Our wastewater systems

AlburyCity has three wastewater systems:

  • The urban area of Albury City
  • Hume Weir Village and  
  • Lara Lakes at Table Top

Splitters Creek, the residences around the Hawkesview/Knoble Roads area of Wirlinga, the rural residences on the outskirts of the urban area and the farmland residences are not connected to any sewerage reticulation system. These have their own on-site treatment systems which are monitored by Council’s ‘Compliance Section’.

There are approximately 24,250 connected customers and of these there are approximately 365 Trade Waste customers.

Albury City Urban system

The Albury City Urban system consists of:

  • Two treatment plants (Waterview at Splitters Creek and Kremur Street in West Albury) 
  • Six major pumping stations
  • 54 minor pumping stations  
  • Approximately 560km of sewer mains that vary in diameter from 150mm to 750mm.

Part of the reticulation system also includes 8,250 access manholes and 196 vent pipes.

Sewage generated from the various customers gravitates into the reticulation system and eventually flows to the pump stations which in-turn on pump it to the treatment plants. Depending where you live, the sewage generated from your property may go through five pump stations before it reaches the treatment plants.

The two treatment plants treated just under 3,800 megalitres (ML) in 2015/16; this equates to a daily average of 10.5 ML or the equivalent of four Olympic-sized swimming pools (a megalitre is one million litres).

Part of the operations of the wastewater system sees Calcium Nitrate being dosed at seven pump stations throughout the City to control odour. For emergency purposes, particularly electricity blackouts, two of the major pump stations have diesel-powered back-up generators (a third is being purchased in 2016/17) and these generators can also be transported and used at the treatment plants. Council also has two mobile pump stations that can be taken and used at any one of the minor pump stations should these stations have a blackout or there is a major pump malfunction.

Kremur Street Treatment Plant

The Kremur Street treatment plant was constructed in 1916 and has been upgraded or modified a number of times, the last being in the late-1980s. It is a Biological Nutrient Removal (BNR) plant with a treatment capacity of 12 ML per day. Disinfection at this plant occurs via the two large maturation ponds which form part of Horseshoe Lagoon (in West Albury). The treated effluent is pumped to Waterview Treatment Plant where it mixes with the treated effluent from the Waterview Treatment Plant.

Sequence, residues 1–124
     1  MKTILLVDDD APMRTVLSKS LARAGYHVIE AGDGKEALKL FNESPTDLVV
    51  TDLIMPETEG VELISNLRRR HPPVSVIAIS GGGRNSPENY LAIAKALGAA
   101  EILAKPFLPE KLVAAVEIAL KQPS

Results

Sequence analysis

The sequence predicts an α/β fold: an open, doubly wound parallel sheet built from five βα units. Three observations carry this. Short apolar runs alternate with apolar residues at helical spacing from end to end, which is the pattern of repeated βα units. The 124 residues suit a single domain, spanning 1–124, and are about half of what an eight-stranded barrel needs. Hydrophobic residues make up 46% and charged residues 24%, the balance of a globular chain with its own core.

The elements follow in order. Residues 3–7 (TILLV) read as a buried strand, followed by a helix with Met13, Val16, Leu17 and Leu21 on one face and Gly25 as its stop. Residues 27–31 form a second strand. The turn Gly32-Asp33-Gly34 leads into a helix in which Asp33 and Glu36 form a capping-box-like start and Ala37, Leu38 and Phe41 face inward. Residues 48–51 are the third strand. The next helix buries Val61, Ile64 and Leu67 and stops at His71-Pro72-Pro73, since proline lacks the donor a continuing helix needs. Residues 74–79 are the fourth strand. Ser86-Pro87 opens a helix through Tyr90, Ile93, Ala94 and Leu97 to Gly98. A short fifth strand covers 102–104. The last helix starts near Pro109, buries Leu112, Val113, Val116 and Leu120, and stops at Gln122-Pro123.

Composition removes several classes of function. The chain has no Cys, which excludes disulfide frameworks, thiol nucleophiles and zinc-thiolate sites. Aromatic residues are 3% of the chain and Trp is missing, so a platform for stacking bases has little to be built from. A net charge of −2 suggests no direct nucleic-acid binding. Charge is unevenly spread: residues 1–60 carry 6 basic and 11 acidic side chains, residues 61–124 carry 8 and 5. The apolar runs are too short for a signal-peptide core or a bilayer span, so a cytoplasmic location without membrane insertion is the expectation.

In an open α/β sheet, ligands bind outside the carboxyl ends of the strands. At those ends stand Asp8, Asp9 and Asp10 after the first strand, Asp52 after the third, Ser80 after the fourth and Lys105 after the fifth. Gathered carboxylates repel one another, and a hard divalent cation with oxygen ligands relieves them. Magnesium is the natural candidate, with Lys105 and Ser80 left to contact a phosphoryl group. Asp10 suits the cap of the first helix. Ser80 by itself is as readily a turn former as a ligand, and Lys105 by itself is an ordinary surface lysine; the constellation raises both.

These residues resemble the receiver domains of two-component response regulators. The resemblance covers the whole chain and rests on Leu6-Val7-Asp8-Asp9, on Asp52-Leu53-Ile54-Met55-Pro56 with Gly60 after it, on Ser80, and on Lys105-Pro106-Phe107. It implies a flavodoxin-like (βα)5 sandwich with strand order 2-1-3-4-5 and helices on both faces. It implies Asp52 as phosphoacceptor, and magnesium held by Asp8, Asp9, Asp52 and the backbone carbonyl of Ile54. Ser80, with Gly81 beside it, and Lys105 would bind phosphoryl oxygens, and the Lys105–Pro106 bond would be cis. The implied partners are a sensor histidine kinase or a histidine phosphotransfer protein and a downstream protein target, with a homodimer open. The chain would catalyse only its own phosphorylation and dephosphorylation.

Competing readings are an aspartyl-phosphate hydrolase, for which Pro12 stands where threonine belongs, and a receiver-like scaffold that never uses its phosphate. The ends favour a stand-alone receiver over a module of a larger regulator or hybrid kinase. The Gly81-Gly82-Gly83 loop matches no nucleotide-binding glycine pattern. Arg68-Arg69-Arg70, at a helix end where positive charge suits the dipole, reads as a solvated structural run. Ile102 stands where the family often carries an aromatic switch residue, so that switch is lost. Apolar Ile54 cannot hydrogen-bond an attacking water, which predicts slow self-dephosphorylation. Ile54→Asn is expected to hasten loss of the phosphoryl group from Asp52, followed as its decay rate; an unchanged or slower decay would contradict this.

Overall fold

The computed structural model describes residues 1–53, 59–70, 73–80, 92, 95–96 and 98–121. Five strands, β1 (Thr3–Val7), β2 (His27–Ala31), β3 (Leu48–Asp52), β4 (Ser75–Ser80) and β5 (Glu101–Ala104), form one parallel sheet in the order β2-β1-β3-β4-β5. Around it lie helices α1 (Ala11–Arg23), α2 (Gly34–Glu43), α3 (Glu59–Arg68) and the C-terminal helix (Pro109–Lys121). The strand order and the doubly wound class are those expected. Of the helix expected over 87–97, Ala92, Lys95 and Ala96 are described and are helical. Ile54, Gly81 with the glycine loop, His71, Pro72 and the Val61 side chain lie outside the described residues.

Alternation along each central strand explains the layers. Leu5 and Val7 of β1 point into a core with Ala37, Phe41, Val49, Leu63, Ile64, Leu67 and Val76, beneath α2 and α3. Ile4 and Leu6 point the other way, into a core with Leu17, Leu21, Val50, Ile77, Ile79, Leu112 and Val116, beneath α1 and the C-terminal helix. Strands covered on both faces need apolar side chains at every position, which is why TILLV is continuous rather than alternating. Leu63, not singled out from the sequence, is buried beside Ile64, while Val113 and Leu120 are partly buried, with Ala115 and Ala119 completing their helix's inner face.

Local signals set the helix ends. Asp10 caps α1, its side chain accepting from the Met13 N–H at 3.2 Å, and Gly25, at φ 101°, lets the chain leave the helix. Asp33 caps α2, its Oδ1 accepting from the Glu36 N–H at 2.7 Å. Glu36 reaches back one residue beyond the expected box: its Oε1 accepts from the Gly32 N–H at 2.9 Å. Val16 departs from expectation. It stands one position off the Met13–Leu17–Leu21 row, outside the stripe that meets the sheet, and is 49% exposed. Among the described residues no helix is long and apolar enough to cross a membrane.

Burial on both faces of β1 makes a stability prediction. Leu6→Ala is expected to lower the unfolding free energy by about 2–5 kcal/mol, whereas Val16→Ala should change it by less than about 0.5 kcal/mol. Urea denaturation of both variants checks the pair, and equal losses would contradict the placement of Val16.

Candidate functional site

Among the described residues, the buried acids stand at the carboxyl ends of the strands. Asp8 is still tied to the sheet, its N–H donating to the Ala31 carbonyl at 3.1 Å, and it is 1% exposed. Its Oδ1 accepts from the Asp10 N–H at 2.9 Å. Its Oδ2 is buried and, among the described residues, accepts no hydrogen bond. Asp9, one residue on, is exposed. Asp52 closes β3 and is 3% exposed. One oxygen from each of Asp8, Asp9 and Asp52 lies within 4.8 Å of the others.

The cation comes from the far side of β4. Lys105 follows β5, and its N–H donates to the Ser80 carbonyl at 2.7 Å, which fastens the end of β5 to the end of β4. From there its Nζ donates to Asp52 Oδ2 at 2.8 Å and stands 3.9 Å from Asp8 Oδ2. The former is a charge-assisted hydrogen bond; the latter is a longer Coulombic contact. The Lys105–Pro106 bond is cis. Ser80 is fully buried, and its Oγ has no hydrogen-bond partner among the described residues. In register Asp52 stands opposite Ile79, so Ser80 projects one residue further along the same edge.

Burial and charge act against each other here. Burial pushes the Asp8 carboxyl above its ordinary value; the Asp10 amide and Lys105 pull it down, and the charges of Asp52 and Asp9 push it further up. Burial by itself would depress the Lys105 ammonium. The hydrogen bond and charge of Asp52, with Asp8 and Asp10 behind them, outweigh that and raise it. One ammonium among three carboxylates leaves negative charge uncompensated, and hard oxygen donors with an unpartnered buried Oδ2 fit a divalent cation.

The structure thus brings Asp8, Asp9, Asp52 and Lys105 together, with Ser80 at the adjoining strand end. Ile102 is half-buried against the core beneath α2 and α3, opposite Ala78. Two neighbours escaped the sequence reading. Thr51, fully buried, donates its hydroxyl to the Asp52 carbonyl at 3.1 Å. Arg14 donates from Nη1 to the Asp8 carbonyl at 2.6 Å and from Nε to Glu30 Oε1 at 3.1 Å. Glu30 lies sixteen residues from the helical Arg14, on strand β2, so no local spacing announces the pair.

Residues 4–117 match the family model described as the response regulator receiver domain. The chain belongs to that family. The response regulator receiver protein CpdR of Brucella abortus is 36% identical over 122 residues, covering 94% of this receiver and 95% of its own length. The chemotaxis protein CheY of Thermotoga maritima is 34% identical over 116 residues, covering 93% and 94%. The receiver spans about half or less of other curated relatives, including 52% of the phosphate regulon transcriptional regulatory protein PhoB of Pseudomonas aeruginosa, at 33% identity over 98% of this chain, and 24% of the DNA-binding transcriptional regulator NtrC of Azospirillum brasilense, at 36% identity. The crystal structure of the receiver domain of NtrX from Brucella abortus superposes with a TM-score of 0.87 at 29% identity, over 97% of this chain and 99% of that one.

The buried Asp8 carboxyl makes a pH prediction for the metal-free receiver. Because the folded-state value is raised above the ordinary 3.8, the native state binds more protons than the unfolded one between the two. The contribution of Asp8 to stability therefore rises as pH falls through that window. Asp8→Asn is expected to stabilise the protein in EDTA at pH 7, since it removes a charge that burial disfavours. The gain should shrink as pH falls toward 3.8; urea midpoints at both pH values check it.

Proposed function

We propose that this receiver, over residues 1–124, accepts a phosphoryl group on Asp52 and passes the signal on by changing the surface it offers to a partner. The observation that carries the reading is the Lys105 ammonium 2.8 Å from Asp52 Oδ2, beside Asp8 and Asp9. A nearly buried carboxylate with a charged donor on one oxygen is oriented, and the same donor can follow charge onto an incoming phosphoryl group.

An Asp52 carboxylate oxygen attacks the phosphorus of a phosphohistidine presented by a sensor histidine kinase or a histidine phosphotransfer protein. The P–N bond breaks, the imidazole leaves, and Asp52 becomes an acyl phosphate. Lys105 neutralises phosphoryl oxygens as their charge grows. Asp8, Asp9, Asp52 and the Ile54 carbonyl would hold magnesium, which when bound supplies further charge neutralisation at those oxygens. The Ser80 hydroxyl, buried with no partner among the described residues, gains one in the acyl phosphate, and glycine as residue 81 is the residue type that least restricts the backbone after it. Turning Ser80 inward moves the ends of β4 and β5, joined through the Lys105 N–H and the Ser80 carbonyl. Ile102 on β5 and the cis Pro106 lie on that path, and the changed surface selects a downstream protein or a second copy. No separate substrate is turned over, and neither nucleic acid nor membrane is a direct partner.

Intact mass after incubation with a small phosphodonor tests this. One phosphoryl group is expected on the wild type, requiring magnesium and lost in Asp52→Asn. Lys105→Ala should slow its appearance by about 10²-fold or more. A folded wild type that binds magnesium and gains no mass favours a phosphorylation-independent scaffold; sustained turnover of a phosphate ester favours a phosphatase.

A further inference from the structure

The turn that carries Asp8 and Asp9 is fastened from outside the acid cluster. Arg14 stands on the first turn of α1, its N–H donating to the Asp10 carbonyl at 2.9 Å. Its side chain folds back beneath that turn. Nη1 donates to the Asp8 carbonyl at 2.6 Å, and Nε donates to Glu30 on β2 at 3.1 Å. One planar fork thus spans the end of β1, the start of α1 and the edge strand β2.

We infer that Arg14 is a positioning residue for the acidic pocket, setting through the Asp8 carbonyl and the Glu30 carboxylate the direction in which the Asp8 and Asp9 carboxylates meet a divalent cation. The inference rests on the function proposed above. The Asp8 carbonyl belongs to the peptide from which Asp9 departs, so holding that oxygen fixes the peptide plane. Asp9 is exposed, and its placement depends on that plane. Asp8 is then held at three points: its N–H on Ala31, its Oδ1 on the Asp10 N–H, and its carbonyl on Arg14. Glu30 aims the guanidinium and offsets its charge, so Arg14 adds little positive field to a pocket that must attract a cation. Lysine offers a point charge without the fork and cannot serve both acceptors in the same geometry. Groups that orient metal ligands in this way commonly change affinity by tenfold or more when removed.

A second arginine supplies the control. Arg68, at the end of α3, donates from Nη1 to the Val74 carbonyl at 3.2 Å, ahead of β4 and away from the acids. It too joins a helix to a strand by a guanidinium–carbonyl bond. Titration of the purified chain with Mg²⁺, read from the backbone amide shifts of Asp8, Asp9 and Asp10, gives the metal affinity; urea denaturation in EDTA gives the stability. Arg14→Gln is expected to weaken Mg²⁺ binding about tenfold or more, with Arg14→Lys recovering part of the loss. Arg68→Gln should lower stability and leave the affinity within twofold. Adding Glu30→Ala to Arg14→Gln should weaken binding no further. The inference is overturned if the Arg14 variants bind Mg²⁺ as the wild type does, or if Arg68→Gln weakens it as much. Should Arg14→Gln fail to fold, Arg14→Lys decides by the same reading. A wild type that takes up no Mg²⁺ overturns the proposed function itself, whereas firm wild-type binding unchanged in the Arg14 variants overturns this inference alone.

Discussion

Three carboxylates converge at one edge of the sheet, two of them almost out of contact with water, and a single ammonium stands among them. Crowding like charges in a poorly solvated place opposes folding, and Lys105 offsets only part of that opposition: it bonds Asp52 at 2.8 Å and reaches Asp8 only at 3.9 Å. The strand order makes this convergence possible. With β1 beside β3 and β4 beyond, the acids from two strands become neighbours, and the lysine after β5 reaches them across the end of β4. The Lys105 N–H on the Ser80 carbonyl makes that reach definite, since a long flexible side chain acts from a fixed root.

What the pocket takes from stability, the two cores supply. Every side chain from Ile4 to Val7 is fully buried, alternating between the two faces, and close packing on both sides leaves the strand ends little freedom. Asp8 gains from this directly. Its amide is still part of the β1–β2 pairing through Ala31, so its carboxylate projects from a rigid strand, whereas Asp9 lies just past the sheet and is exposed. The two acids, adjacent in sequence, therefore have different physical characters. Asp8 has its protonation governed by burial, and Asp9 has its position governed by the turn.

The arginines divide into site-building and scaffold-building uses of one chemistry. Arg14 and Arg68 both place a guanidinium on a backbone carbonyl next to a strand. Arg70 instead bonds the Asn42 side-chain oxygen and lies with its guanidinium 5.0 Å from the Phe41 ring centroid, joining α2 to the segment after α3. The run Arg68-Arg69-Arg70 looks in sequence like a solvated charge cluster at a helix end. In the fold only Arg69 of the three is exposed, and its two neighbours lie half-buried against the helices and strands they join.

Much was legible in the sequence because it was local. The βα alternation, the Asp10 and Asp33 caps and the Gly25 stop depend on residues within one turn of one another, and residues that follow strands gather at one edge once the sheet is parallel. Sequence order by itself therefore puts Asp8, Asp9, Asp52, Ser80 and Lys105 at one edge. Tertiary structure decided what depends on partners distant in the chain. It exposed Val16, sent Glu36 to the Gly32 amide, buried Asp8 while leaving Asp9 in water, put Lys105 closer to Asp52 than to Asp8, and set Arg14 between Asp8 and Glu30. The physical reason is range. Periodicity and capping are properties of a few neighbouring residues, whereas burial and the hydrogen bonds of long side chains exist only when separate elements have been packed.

Waterview Treatment Plant

The Waterview Treatment Plant was constructed in 2000 and is also a BNR plant. It has a treatment capacity of 8 ML per day and incorporates tertiary treatment using sand filtration and disinfection by Ultraviolet (UV) irradiation. Plans are underway to augment Waterview Treatment Plant to 24 ML per day capacity which will allow the decommissioning of Kremur Street Treatment Plant which is nearing the end of its useful life.

Both treatment plants have chemical back-up (using Alum) for phosphorus removal. A by-product of the treatment process is biosolids (sludge) and approximately 8,370 tonnes was produced in 2014/15; this is delivered to the Albury Landfill where it used as a ‘capping’ material to cover the collected garbage and waste. Part of the upgrade of the Waterview Treatment Plant will incorporate further treatment of the biosolids which will then allow it to be disposed of on-site – biosolids are an ideal soil conditioner.

An approval condition for the construction of the Waterview Treatment Plant was that no treated effluent was to discharge back into the Murray River. Therefore, all the treated effluent produced by both plants become part of a reclaimed water re-use system, and this is discharged to the Wonga Wetlands in the cooler months and to two timber plantations and irrigated pastures during the warmer months.

Hume Weir Village system

This system only services the Hume Weir Resort, the Hume Weir Caravan Park and the Hume Dam workshop and Eraring electricity power station. It was constructed in 1977 and has a capacity of 100 kilolitres per day (one kilolitre is 1,000 litres). It is an activated sludge plant utilising a Pasveer channel. Disinfection is achieved using maturation ponds and the treated effluent is discharged to the Murray River approximately 300 metres downstream of the Hume Dam wall.

The sludge produced as part of the treatment process is collected in a sludge lagoon which is allowed to dry out and every two years the dried sludge is collected and disposed of at the Albury Landfill.

Lara Lakes system

This system only services approximately 35 residences surrounding Lara Lakes in Table Top. It was constructed in 1989 and has a capacity of 100 kilolitres per day (one kilolitre is 1,000 litres). Its treatment process uses two facultative lagoons and the treated effluent is irrigated onto 1.5 hectares of adjacent woodlots.